How hard is it to raise ducks.
It's not very hard to raise ducks. Despite what books and websites would lead you to believe, ducks are actually very easy and fun to care for. Every day you feed them and water them and about every week or so, clean their coop. They are slightly more difficult as chicks as they make big messes but that can be fixed with a large brooder and 2 or so cleanings a day. As for living with chickens and geese, I'd say they might be able to live together, but for the most part it's usually a good idea to house waterfowl (ducks & geese) separately from land fowl )chickens & turkeys & guinea fowl etc). I was only just 12 when I got my ducks and I've only lost 2 out of the 13 I started with. One was from a natural death, he was a runt, and the other got decapitated by a rat. Even now, in Winter we're doing fine. Ducks don't need a ton of care and in return will give you eggs, chicks, love, and entertainment. My dog gets along with my ducks and practically tried to raise them and ducks will keep you laughing with their hilarious antics.
P.S. Just a word of advice, don't go nuts researching, for all the research I did, when it came down to it I just trusted my gut and did what I thought was right. Don't get worked up about little things either, ducks are very resilient and heal quickly.Just remember, if you love and care for your ducks, you'll always do the right thing for them.
Edited by Bailey1204 - 1/4/16 at 7:25pm
Its not a question of hard or not, its a question of planning and dedication. As Bailey said as long as you water, feed them and keep them safe its not hard. That said, there is a lot of planning that goes into it. I personally believe that ducks thrive with a body of water, something as simple as a kiddie pool will do. For that you need to plan on how you will drain and refill it and know that its going to be dirty and messy etc.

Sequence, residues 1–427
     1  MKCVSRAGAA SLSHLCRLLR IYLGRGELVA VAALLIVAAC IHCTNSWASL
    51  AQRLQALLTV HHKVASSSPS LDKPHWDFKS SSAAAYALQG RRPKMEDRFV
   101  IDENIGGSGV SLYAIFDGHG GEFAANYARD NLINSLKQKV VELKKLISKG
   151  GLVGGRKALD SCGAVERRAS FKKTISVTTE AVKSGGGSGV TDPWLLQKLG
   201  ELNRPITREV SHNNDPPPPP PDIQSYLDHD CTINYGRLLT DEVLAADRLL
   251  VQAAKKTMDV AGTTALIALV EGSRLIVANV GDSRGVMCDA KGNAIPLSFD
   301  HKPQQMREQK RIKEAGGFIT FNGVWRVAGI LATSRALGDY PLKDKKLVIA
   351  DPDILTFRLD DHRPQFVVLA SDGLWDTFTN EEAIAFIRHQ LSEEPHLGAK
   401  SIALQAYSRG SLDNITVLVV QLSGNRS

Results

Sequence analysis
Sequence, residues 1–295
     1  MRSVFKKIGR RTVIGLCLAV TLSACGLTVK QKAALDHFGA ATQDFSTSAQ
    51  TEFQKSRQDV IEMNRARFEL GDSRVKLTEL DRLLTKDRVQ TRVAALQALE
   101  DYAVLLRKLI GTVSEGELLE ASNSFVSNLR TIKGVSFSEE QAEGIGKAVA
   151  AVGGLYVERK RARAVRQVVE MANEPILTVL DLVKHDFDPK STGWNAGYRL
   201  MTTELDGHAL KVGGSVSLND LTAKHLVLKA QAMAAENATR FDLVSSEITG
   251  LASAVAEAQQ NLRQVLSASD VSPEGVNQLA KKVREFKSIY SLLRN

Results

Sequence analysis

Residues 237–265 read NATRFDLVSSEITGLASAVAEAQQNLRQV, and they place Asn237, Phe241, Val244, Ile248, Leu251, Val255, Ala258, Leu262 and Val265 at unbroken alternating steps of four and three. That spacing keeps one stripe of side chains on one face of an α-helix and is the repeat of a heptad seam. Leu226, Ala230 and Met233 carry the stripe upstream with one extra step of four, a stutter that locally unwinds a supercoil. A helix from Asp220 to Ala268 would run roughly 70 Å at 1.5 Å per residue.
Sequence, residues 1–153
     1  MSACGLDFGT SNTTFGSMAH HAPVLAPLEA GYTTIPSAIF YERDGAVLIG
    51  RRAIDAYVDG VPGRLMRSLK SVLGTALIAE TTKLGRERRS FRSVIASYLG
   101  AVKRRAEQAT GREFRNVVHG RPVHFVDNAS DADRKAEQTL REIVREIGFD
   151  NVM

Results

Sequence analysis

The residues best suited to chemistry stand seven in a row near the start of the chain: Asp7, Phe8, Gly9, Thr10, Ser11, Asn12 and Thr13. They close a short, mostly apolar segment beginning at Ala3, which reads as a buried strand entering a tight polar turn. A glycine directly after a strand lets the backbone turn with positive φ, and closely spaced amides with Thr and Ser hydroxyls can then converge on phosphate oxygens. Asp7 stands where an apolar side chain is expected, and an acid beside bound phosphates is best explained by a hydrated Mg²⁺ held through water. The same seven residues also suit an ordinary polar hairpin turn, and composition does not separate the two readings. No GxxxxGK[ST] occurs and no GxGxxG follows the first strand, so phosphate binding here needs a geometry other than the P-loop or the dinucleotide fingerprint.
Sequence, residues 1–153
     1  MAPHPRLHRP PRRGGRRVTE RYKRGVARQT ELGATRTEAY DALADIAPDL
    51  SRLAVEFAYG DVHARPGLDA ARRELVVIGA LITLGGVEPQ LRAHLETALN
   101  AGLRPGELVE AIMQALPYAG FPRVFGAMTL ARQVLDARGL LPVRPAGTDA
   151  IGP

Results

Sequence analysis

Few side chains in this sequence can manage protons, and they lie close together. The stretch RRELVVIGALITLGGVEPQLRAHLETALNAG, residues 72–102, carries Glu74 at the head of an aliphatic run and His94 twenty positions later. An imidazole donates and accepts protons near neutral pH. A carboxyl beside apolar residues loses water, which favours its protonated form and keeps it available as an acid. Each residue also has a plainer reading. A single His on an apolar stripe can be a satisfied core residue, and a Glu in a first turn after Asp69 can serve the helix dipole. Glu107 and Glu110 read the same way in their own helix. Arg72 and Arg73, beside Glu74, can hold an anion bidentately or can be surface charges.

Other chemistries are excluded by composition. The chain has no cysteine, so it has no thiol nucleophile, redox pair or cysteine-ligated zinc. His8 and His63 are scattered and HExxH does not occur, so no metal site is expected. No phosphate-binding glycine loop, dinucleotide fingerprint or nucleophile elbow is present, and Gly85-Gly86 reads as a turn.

Ducks live for many many years so its important to understand that you are in this for the long run. Definitely get a pair, but three may be better as if you happen to lose one, for any reason, the remaining duck will be very sad. I don't know your circumstances but just keep all that in mind that undertaking ducks is a huge responsibility, but not that hard. I took the precaution of finding a vet that specializes in poultry so that is another consideration as well, understanding that not only do you have to find a duck doctor but they are fairly pricey.
All of that said, as long as you know and understand what you are getting into, ducks are a wonderful source of eggs, great pets and awesome to be around. Now you get to move on to the bestest part, choosing a breed!!!
Well it really depends on what your intent is. If you want good egg layers but don't care much about personality then Golden 300, White Layers, Khaki Campbells, and Welsh Harlequins are great choices, Muscovy's too.
If you want some personality then Pekin's and Cayugas are your pick. All duck personalities and egg laying range from bird to bird but that's been my experience. Here is a link to Metzer farms site that briefly lists out the differences between ducks.
Me personally, I wanted Mallards, Pekins and Cayugas because I think they are beautiful and do silly things. I got Khaki's for the egg production. Admittedly the Pekins lay a good amount of eggs too. I did not manage to get a Cayuga in the last hatch but I still want one.
I have both ducks and chickens, and have had pekins, cayugas, and are currently only raising muscovies with some rescued polish hens. Between chickens and ducks, I like ducks better. They don't smell as much (to me) and are not as nervous or flighty as chickens. Between all the ducks, I like my muscovies the most. When I had the pekins and cayugas, they were loud and obnoxious and made a mess out of the water I provided for them and ate a ridiculous amount of feed. The muscovies are quiet, pretty much mute, and don't seem to enjoy dabbling in the water I give them so everything remains relatively dry (even if I move their water into their coop for a day), they prefer to forage and if let out into my yard, would leave the feed untouched. They're also really easy to herd around, unlike the chickens which run every which way. The only thing is that they don't scratch as much as chickens so their run can get a bit mucky with their watery poop. However, raking out some old straw from their coop when I'm turning it over usually solves it so I don't slip.